Al Giraud, Private Investigator, was sitting in the bar of the Ritz-Carlton, Laguna Niguel, eating miniature pretzels and drinking a Samuel Adams dark ale, contemplating life and the fact that he couldn't have a cigarette while waiting for the always late woman in his life.
It had been nine months since he had last smoked. Enough time to give birth to a pack of Camels, he thought, resignedly crunching down another pretzel. That was Marla for you. How come he'd let this woman have so much influence on his life? He glanced down at his old, faded jeans, short-sleeved plaid shirt, scuffed boots and the ancient snakeskin belt with the rearing mustang silver buckle, bought decades ago in his hometown of New Orleans. Then he grinned. At least she hadn't yet managed to change his style.
Al had become a P.I. the hard way. The easier way would have been to become a criminal.
He was raised by his mother in one of the poorer parts of town, along with her five other boys. Somehow she managed to keep them out of trouble, though later he wondered how. It would have been easy for him to drift over to the other side into a criminal way of life. "The easy life," his friends called it temptingly. He'd had a few scrapes with the law, hung in there, though, and finished high school, got a job immediately to help with the family's finances. Then one of his brothers was killed in a drive-by shooting. Al's sorrow and rage was such he wanted to go right out and kill the guy who'd done it, he wanted revenge so bad it hurt. His mom talked him out of it. "Two wrongs don't make anything right, son," she had told him through her tears. "Just get out there and try to do some good."
The only way Al could figure out how to do good was either to become a minister or a cop. He was definitely more suited for the cop role. He was street-smart, athletic, ambitious and angry, with knee-jerk responses. He made his way up through the ranks to homicide detective, married, divorced.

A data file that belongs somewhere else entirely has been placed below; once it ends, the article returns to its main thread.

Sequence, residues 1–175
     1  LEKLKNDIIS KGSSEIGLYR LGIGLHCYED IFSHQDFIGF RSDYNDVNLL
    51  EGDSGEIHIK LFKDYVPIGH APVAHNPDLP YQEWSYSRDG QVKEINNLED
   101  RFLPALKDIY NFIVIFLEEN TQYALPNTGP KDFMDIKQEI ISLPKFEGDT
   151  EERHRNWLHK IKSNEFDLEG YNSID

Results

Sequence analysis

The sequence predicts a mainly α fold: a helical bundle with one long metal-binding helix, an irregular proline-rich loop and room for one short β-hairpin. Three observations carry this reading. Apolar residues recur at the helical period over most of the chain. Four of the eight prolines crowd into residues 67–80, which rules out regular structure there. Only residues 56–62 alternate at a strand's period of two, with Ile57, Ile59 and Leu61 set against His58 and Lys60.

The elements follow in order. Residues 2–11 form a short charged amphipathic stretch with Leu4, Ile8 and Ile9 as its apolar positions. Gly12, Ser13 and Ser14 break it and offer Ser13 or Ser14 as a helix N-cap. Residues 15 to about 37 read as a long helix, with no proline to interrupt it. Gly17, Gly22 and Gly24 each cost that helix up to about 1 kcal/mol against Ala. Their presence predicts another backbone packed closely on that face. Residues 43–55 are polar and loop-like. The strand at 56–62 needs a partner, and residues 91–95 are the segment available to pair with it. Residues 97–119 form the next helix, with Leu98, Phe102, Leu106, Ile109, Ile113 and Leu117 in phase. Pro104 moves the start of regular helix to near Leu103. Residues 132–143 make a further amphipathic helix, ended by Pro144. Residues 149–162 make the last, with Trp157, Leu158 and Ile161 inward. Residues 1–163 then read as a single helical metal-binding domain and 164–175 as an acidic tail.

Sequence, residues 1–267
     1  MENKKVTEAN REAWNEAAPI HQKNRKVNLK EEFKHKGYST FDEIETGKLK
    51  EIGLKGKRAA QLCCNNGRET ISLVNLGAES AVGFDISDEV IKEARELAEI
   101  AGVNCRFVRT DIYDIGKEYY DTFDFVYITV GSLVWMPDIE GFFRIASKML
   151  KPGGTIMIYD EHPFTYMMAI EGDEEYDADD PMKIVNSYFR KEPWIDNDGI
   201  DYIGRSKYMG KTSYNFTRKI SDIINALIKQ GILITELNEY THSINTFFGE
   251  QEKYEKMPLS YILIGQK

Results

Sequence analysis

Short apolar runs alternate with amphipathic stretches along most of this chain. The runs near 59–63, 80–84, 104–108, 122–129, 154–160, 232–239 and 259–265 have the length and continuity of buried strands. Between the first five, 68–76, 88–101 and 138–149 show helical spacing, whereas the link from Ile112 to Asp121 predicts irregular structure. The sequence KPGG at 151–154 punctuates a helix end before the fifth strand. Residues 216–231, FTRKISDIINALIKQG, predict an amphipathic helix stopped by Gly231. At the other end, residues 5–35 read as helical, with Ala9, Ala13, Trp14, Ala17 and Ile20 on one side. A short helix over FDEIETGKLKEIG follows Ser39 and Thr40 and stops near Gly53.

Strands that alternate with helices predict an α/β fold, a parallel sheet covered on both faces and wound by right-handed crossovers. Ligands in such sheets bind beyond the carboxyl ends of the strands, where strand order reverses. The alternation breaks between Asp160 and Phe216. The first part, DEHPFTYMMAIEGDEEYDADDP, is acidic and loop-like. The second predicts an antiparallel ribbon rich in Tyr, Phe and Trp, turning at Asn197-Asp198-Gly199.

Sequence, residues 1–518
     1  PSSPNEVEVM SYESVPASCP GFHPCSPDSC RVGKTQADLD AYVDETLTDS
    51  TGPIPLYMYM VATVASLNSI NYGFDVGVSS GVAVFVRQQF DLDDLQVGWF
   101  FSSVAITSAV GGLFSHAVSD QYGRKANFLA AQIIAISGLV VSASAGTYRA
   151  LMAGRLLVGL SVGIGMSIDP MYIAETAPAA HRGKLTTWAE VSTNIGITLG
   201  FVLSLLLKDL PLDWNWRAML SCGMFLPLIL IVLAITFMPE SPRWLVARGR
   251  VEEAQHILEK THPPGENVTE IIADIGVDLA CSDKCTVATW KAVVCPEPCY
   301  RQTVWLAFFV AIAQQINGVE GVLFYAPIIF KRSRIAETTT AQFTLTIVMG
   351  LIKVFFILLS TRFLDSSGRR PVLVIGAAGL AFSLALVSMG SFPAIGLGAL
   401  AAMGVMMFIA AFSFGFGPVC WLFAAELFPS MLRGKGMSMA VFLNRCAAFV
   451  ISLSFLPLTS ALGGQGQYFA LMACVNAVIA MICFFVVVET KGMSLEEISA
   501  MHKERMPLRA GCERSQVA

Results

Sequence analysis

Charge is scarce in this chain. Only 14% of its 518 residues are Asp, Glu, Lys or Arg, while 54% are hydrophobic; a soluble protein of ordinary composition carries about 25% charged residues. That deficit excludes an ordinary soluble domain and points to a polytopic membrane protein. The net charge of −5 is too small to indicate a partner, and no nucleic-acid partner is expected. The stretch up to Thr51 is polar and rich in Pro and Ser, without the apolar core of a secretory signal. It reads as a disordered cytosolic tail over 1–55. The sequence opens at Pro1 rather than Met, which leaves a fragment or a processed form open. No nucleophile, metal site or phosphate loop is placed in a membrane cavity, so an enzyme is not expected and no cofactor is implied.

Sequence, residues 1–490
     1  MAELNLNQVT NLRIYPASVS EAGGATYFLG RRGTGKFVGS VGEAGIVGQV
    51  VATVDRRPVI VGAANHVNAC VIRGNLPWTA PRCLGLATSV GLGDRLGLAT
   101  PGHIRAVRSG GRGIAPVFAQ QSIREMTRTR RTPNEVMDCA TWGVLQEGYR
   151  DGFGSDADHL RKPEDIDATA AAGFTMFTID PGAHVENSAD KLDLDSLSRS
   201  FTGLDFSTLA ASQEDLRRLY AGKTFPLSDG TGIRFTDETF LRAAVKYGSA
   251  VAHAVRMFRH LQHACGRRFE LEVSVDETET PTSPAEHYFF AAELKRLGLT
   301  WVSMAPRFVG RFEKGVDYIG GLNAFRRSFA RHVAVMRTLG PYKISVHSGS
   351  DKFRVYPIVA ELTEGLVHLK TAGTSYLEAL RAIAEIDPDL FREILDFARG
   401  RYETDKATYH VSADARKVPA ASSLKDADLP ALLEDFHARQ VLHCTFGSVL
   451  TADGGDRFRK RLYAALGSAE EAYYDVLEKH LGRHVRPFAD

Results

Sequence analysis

The day came when Al had finally had enough of the cop's life: the hours, the harshness, constantly seeing the seedy side with its tragedies and traumas. He took early retirement, packed his meager possessions in a small duffel bag, kissed his beloved mother good-bye, threw a raucous farewell party for his three remaining brothers and their wives and departed for L.A. "The land of opportunity."
He had set himself up in a second-floor office on Sunset, with a glass door embossed with his name in gold and the words private investigator--with all work confidential in small print underneath. Purple bougainvillea trailed over the balcony, the busy traffic zoomed by on Sunset along with a constant parade of folk: smart businessmen, transients, hookers, record execs, dudes and gorgeous California girls. Enough to keep his mind off work, certainly.
He made contacts in the LAPD, in the District Attorney's Office, in a couple of the legal firms, and work began to trickle his way. Divorces, fraud, embezzlement. Women who wanted to know what theirhusbands were up to. And men who wanted to know if they were being followed, and who was trying to kill them. Then he hit the big time with the case of a prominent man accused of attempting to murder his wife. Al was able to prove that the timing was impossible and the guy got off. Suddenly, he found himself in demand.
The work was risky, often dangerous, but he was from the streets, he'd mingled with guys like this since he was a kid. Until his brother's murder he had called them his "friends." Now he was definitely on the side of right.